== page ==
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Old 01-25-2017, 05:27 PM
 
1,279 posts, read 1,291,902 times
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WA rapes me not on my salary, but on the investment properties I own. Not only do I pay tens of thousands a year in property taxes, I also get to pay tens of thousands in excise taxes to the tune of almost 50K when I sell them.

I'm starting to wonder if I would not be better off retiring with rentals in an income tax state IF they have lower property taxes and excise taxes. Rental income hardly shows up as anything on tax returns so I doubt I'd end up paying more. Right now I pay approx 50K in income taxes to the feds every year...
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Old 01-25-2017, 05:37 PM
 
Location: Texas
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Depends on the state and other factors.

For example, South Dakota has no income tax but the property taxes are also very low. I looked up some homes in the Sioux Falls area that are about 2,000 square feet just and it looks like most of the homes had property taxes around $2,800.

Property tax rates per $100,000 are a bit higher in South Dakota but a $200,000 home in Sioux Falls is $800,000-$900,000 in Irvine.

Irvine, California on a similar sized house, the property tax would run about $10,000 for a 2,000 square foot home. They also have a 10.2% middle-class income and SDI tax in California.

I looked up similar sized 2,000 square homes in Gillette, Wyoming. Wyoming has no income taxes, but has huge state reserves and also relies on severance taxes and a similar house would have about $700 a year in property tax.

I also looked up New Hampshire which has a very, very low birth rate and a low percentage of the population utilizing public schools. Berlin, New Hampshire on a 2,000 square foot home it looks like property taxes are around $2,700 a year.

So to summarize-

Wyoming: No state income tax, lots of severance tax revenue, $700 property tax on 2,000 square foot house

South Dakota: No state income tax and very lean on public sector services, $2,700 property tax on 2,000 square foot home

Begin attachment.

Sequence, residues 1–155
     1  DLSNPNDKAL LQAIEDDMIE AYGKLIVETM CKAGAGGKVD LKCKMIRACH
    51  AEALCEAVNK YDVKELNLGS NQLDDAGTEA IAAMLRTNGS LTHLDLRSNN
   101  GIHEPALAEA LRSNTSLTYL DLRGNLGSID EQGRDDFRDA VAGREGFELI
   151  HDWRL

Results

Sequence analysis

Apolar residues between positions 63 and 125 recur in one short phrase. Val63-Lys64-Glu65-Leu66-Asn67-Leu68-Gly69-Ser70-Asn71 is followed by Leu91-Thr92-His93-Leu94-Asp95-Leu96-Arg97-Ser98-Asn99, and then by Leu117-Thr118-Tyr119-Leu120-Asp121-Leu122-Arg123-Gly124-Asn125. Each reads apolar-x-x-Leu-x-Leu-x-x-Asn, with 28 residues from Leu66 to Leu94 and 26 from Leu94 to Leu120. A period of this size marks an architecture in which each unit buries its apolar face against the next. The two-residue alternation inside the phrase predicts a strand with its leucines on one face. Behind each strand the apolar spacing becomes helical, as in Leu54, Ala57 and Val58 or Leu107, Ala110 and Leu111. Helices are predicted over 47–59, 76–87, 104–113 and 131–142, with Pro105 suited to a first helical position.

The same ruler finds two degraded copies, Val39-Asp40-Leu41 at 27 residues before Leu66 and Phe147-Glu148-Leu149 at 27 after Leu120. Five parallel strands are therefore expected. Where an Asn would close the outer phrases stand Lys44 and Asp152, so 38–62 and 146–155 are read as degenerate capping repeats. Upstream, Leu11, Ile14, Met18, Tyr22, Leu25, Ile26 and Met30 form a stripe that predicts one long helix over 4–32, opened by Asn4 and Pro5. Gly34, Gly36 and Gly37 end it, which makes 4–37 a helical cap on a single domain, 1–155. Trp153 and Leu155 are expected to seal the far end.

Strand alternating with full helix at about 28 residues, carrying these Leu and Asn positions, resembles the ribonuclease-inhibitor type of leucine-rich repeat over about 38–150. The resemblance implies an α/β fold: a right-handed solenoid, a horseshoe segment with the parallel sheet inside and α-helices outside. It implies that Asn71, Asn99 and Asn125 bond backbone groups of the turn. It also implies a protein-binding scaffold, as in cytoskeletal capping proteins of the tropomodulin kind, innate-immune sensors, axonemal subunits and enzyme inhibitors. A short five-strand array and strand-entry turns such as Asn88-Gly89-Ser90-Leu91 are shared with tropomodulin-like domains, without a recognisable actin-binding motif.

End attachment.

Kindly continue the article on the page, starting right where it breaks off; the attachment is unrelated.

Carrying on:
New Hampshire: No state income tax, very low birth rate and lean services, $2,700 property tax on 2,000 square foot home

Irvine, California: 10.2% middle-class income tax, trillion plus in pension liability, huge percentage of population in public school system statewide, $10,000 property tax on 2,000 square foot home

California also has many, many people paying very low property tax because of proposition 13 where taxes can only go up 2% a year. Lots of people who bought homes in California in the 1960s and 1970s paying only a few hundred a year in property tax.

On the other side of coin, Texas has some of the highest public educational system needs in the country and plus many, many things are funded with property taxes so the property taxes are sky-high similar to California.

Last edited by lovecrowds; 01-25-2017 at 05:52 PM..
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Old 01-25-2017, 06:50 PM
 
1,185 posts, read 874,086 times
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Quote:
Originally Posted by lovecrowds View Post

Irvine, California on a similar sized house, the property tax would run about $10,000 for a 2,000 square foot home. They also have a 10.2% middle-class income and SDI tax in California.
...
Irvine, California: 10.2% middle-class income tax, trillion plus in pension liability, huge percentage of population in public school system statewide, $10,000 property tax on 2,000 square foot home
Just to clarify for people who aren't familiar with California, 10.2% is not middle class income tax by any stretch. In fact, for married couples, that bracket would be $526,000-$631,000/year of income after deductions. Lovecrowds, if you're that out of touch that you think an income of over half a million dollars a year makes you middle class, you need to get out of Irvine more often.
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Old 01-25-2017, 08:06 PM
 
Location: Texas
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https://www.tax-brackets.org/californiataxtable

9.3% starts at $51,530

SDI tax additional to state income tax

0.9% SDI tax

California State Tax, Unemployment and Payroll Tax | Payroll-Taxes.com | Payroll Taxes

Total: 10.2% on any income above $51,530

Any Washington excise tax rates: It looks like they have 1.78% excise tax when a property is cold in most areas in Washington

http://dor.wa.gov/Docs/forms/RealEst...tExTxRates.pdf

I did look up the property tax in Washington on a 2,000 square foot home in Tacoma which looks like in Tacoma the average value is around $300,000.

Looks like the property tax on a $300,000 home that is 2,000 square feet in Tacoma is about $3,200 a year. Which seems very reasonable, considering that Washington has state income tax and that has a very, very standard of public services.